Dune Ducts

This installation exploits the effects of imaging to reshuffle landscape, environment, and building systems. A ductscape acts as a prosthetic device for a gallery’s HVAC system. A reshuffling of conventional MEP equipment inserts a vision of air as reflected landscape, amplifying existing systems for tempering and conditioning the architectural exhibition venue.

Perloff Gallery, UCLA AUD, Los Angeles

Dune Ducts draws on desert scenery as already commodified landscapes—widely distributed images of nature that serve as a backdrop to common computing platforms. The image of a duct-as-dune interprets the ceiling as an environment full of labor, design, and perhaps delight, or, at the very least, comfort. It considers the overhead site as a productive plenum for architectural positions.

Fall 2019

Dune Ducts is presented as half of Superposition, a joint exhibition with Katy Barkan installed in the gallery at Perloff Hall in the Department of Architecture and Urban Design at UCLA. The joint exhibitions share an interest in the threshold between architectural objects and their spatial corollaries, skirting a clear boundary between the production of things and the production of environments. Superposition, as a model of working, does not attempt to resolve or reconcile. Rather, it serves as a counterpoint to the paradigms of synthesis and juxtaposition. The overlay of multiple categories of work and multiple authors allows for errors, transpositions, and irresoluble differences.

Photos by Joshua White

Office Equipment & Operating Systems

Office Equipment and Operating Systems brings together a series of projects produced and exhibited at 2426. The work shifts the focus from architecture projects as such toward a conceptual framing of how Office Equipment and Operating Systems support the descriptive services of architectural production. Scanners, plotters, desks, measuring devices, software subscriptions, shared drives, modified appliances, and purpose-built tools sit alongside each other. The customization of equipment may no longer distinguish the qualities of work. Yet like the books in an architect’s library, equipment establishes a set of references. Organized by Reimaging, installations feature work by Theo Triantafyllidis, d.esk, Reimaging, and Roundhouse Collective.

Drawing In-Painting

Drawing In-Painting is a project about a software. We're calling our software Match-by-Patches. Like the Content Aware tool in Photoshop or Warhol's Paint-by-numbers, it doesn’t introduce entirely new things, it just reshuffles existing content. We thought it fitting to use it for a renovation, in this case, an office. To force some comparisons with this method of working, it could be considered a form of painting. Indeed, the larger field of adjacent techniques and tools is called in-painting. Also known as image interpolation, in-painting is used to reconstruct deteriorated parts of images or to paint-in missing pieces based on surrounding imagery of materials. However, it also bears resemblance to what could be considered drawing. Moving a cursor across a screen to select a region of pixels relies on lines to enclose an area. If imaging can be described as a form of drawing with material, then drawing in-painting might serve to give material some form of coherence according to image logic.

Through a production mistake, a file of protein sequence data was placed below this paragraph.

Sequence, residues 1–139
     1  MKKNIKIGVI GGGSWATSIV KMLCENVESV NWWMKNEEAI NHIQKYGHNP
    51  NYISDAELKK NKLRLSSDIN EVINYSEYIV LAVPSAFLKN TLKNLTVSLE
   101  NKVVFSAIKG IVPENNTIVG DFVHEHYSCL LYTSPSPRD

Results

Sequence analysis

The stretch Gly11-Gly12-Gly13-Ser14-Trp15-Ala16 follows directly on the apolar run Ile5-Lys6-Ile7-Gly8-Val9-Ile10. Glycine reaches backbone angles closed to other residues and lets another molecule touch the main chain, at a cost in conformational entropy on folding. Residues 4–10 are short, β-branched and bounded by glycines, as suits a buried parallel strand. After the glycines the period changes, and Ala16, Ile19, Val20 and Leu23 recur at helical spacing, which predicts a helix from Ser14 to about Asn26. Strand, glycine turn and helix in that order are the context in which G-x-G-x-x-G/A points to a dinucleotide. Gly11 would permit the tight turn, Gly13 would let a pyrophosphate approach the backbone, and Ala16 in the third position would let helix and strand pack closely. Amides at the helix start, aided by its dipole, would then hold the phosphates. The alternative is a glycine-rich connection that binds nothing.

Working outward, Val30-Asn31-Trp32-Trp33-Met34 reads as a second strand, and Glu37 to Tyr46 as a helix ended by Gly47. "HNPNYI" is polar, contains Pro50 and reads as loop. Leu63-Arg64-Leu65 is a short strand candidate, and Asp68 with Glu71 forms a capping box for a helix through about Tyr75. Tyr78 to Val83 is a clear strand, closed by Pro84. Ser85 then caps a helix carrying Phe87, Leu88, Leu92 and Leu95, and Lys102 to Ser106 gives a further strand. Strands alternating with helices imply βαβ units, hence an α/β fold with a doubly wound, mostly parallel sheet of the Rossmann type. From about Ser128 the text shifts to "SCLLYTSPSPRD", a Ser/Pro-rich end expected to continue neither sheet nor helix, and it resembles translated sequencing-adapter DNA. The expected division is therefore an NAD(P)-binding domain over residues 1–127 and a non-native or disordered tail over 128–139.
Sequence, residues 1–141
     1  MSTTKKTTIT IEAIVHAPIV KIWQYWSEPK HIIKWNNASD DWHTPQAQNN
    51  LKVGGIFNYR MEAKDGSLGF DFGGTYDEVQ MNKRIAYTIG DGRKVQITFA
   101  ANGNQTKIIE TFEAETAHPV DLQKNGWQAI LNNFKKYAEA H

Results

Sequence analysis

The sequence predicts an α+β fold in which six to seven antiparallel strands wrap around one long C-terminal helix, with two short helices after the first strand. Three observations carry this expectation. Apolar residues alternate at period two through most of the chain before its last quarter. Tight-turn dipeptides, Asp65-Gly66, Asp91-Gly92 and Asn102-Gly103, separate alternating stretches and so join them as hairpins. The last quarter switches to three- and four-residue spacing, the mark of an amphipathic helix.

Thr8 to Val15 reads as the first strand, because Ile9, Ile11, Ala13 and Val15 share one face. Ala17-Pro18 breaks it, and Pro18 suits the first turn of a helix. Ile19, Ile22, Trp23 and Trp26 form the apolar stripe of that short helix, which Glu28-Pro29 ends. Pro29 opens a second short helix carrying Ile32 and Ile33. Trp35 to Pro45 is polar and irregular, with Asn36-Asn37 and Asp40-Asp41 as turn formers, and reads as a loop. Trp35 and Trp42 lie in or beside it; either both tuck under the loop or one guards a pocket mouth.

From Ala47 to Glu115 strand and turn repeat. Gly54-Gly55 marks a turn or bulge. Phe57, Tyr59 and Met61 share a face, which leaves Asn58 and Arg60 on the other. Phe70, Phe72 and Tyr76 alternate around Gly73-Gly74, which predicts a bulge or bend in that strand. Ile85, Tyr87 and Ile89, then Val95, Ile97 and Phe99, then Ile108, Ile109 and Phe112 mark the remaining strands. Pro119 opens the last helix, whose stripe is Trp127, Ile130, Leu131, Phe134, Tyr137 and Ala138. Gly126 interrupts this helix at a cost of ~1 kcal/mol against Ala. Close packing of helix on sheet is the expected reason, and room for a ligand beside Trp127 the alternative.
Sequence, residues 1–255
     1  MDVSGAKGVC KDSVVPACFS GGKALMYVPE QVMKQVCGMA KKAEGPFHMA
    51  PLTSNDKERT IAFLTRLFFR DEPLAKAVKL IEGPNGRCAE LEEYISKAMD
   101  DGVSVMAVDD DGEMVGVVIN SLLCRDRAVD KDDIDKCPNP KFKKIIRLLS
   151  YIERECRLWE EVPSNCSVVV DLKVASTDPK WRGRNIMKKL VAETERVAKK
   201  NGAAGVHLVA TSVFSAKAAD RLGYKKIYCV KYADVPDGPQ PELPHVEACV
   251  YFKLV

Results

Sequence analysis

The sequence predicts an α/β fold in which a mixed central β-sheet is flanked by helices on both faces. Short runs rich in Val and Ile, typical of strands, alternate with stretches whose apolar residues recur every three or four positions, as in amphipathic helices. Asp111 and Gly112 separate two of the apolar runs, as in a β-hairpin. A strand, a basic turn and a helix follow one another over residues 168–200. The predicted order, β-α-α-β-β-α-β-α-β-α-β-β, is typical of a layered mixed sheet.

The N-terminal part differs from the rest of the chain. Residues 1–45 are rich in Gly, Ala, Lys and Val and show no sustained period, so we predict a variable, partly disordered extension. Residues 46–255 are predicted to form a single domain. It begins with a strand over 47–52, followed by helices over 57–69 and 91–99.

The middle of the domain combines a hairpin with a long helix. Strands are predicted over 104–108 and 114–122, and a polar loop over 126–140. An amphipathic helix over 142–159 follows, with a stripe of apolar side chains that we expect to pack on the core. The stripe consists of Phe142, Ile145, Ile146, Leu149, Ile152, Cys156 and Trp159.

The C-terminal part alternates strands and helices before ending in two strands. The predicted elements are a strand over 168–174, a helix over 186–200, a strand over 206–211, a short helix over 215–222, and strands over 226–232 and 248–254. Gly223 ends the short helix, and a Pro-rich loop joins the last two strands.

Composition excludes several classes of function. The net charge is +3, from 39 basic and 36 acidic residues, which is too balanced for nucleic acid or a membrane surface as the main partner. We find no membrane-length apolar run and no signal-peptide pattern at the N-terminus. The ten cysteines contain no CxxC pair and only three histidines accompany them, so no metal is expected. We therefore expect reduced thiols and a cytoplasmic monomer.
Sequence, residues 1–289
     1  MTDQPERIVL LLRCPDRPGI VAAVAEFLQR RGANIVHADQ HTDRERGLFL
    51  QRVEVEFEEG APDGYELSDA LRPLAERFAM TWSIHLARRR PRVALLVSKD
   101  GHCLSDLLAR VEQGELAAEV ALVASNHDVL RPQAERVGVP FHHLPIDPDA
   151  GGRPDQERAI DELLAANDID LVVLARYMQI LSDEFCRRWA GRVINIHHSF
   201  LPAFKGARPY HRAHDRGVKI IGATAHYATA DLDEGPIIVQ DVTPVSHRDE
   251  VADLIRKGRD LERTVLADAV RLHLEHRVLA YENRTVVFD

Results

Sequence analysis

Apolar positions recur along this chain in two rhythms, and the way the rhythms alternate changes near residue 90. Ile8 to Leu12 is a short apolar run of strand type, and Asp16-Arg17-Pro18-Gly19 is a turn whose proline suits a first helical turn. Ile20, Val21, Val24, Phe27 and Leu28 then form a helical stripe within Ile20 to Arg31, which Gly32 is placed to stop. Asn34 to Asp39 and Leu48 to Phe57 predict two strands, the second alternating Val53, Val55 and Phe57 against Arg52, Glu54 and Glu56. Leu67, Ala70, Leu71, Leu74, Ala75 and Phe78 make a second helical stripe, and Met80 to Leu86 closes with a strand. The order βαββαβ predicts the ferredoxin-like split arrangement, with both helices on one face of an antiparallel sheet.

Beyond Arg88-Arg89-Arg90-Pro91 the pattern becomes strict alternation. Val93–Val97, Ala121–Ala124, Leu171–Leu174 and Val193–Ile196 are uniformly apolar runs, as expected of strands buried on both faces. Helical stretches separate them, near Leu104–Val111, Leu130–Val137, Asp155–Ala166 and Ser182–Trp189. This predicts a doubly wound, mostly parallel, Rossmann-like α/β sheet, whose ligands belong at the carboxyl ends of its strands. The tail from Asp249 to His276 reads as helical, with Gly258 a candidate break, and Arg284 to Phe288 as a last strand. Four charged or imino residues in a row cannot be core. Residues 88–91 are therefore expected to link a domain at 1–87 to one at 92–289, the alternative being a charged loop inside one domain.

Published in Room One Thousand, Issue 7: Material

Team: Hong Bae Yang and Yiran Chen

10 Casts

Plumbing standards and the protocols of tilt casting are brought together in 10 Casts. Supported by the UCLA Architecture and Urban Design Teaching Fellowship, the exhibition presents the back-side of the wall as a site of coordinated labor, loose material formation, and the internet of concrete. 

10 Casts constructed a one bedroom apartment’s worth of plumbing containing hook ups for a bathroom sink, shower, and toilet and a kitchen sink. Forced to fit in the space of 2426, a gallery for architecture in Los Angeles, the apartment’s walls were distorted around the floor grid of the gallery. Various formats of imaging inform casting and guide the pouring of concrete on tilted formwork: accelerometer readings, standards of plumbing flow rates, properties of thermal expansion, and edge-detecting video feeds of concrete slurry against a snap line grid.

The sensor readings and imaging feeds steer slumping in areas of need and produce void or thinness where a thickened mass was not required. Wifi enabled microprocessors and accelerometers attached to formwork both calibrate tilts and stream live to the web. After installation, the wifi boards streamed independent networks through which visitors could access drawings and instructions, merging the means of construction and dissemination.

Spring 2016

Building Tables

X-rays, overlays, and dense transparencies, augmented visual regimes render architecture as amalgams of simulated materials and systems. Headsets (AR/VR) increasingly supplement the section drawing as the primary means of understanding organization and analysis. To the classifications of literal and phenomenal we might add real-time transparency, the production of depth via computational vision.

Building Tables takes seeing as a compositional means. As techniques of vision are updated and amended, architectural barriers are newly exposed. In six tables, a series of conventional wall assemblies are conceived as objects for display. With Nicholas Pajerski and Hong Bae Yang

2017 - 2018